TV review: Italy's economy is killing people
When Bridges Collapse: The Genoa Disaster, BBC 2, Monday at 9pm
The collapse of the Morandi suspension bridge in Genoa a year ago made headlines around the world.
It was almost unthinkable that a major bridge (1km long and 50 metres high) could smash to the ground in a European city.
Forty-three people died and 13 were injured as the centre section of the bridge collapsed onto the apartment blocks and railway lines of the valley floor in the mid-morning traffic of August 14.
Italy mourned, but perhaps shouldn't have been surprised. Six bridges had collapsed in the country in the previous six years.
None were of the scale of the “biggest, most famous bridge in Italy” but each pointed to an inspection system which was struggling to find problems.
‘The Genoa Disaster' told the human story of the disaster with interviews with survivors, the emergency services and even two octogenarians who found each other in the confusion of the collapse and decided to become a couple.
But the real story was in figuring out what happened. How could a bridge collapse?
The state is seeking prosecutions against 71 people, but the answer is still uncertain.
A government appointed team given a month to reach a conclusion found steel supports in the road section failed, however the engineering community in Italy sees a different problem.
A CCTV camera on the ground appears to show a giant gable stay (52 steel cables encased in concrete to protect against rust) snap at a point near the top of the supporting 90 metre tower.
The failure which cascaded through the bridge brought it down and exposed the Morandi as having a significant design flaw.
More modern bridges are designed so that a number of sections can fail without compromising the integrity of the entire structure.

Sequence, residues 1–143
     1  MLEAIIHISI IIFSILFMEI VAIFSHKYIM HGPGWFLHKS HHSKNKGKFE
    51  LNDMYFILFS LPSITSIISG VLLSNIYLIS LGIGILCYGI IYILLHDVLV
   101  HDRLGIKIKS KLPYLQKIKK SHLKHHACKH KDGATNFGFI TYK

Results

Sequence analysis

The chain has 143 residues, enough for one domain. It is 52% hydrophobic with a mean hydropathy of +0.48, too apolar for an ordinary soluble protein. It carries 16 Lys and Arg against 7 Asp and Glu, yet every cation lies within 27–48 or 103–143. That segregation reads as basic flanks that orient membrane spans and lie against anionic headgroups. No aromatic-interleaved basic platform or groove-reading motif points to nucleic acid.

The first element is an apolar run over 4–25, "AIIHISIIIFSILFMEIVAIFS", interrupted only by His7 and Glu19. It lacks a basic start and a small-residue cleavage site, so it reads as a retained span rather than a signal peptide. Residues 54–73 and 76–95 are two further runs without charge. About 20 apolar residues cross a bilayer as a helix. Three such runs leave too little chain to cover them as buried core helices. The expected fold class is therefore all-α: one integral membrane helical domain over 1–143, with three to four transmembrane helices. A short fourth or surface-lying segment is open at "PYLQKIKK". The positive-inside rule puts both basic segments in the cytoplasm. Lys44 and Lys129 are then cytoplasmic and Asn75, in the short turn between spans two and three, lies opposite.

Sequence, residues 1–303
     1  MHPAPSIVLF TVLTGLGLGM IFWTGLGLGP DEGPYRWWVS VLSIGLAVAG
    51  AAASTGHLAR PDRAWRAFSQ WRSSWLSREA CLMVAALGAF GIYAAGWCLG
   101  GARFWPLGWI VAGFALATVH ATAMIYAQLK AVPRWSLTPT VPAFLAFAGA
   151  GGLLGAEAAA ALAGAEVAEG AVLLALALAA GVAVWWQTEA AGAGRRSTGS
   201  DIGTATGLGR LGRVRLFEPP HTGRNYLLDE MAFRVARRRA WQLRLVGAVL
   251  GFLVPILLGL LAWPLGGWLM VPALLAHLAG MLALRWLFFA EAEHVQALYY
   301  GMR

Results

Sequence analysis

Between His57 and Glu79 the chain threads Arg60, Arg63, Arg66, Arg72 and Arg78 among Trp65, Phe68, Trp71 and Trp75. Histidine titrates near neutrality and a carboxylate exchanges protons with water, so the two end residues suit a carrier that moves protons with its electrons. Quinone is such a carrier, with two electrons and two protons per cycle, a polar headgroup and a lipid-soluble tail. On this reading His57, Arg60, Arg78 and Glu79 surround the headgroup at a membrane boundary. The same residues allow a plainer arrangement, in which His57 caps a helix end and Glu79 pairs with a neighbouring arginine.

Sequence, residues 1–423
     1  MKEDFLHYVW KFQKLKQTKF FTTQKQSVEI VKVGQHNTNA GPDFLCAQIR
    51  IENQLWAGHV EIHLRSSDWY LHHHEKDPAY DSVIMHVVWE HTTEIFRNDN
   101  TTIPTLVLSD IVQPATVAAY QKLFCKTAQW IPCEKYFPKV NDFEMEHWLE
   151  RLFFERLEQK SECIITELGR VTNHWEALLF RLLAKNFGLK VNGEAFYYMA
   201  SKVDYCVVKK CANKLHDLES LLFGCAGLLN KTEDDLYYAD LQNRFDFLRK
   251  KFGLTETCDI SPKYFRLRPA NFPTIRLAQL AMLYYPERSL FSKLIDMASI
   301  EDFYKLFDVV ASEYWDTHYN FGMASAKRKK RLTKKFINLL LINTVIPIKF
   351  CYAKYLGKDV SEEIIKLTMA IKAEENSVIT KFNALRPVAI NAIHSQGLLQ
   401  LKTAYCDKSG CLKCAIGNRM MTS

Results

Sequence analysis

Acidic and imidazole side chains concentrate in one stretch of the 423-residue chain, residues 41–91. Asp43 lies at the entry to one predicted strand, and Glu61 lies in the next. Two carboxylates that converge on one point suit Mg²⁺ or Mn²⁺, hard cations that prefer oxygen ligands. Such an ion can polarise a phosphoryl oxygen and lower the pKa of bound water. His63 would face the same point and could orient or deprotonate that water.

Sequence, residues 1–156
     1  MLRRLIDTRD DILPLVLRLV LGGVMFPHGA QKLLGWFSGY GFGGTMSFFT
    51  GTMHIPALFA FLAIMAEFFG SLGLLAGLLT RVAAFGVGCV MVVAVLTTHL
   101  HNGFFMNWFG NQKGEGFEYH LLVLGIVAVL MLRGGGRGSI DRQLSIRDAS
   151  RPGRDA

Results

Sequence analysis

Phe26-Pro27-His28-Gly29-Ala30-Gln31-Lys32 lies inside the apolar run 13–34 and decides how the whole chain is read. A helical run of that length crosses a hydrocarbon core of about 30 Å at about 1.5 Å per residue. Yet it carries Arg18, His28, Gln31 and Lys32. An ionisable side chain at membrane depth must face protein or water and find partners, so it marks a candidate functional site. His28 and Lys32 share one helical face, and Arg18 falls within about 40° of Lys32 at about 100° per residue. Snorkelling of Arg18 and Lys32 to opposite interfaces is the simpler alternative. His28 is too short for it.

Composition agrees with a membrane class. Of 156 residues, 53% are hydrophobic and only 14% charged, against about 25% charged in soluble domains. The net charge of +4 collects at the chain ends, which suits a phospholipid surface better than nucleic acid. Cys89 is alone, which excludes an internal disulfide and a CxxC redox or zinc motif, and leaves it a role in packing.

The Morandi, opened in 1967 after four-years work, was susceptible to “single point failure.”
The real failure, however, seems to have been the Italian economy.
The inspection regime has been starved of funding and relies on old technology reflecting a country in deep economic trouble.
Per capita income at levels in Italy are at 1998 levels (Germany increased 28 per cent in the same period) and debt is at 130 per cent of GDP.
Italy has had three recessions in this time - 2008, 2012 and 2018 - and is at loggerheads with the EU.
Its failing economy is literally killing people.
Kathy Burke's All Woman, Channel 4, Tuesday at 10pm
You've got to love Kathy Burke.
Not only did she brings us some of the most memorable characters in comedy (Waynetta to Wayne and Perry to Kevin), but it turns out she's a decent TV presenter.
‘All Woman' is a fairly familiar documentary topic about the dangers of young women feeling they have to attain perfect beauty. This is obviously amplified in a world of social media and relatively inexpensive cosmetic surgery.
Burke spoke to Love Island contestants, plastic surgeons and young people refusing to accept the rules, but she didn't dispute the facts of life.
“They say beauty is in the eye of the beholder, but we all know that's b****x, you're a looker or you're not,”
And she adds: “A beautiful woman is extremely powerful.”
Burke readily concedes that she's in the ‘not' category, but while she struggled with this in her youth has now come to embrace her looks and champion her brain, confident that she is “a good person.”
It wasn't the most dynamic of television programmes but Burke's solid advice deserves to be heard all the same.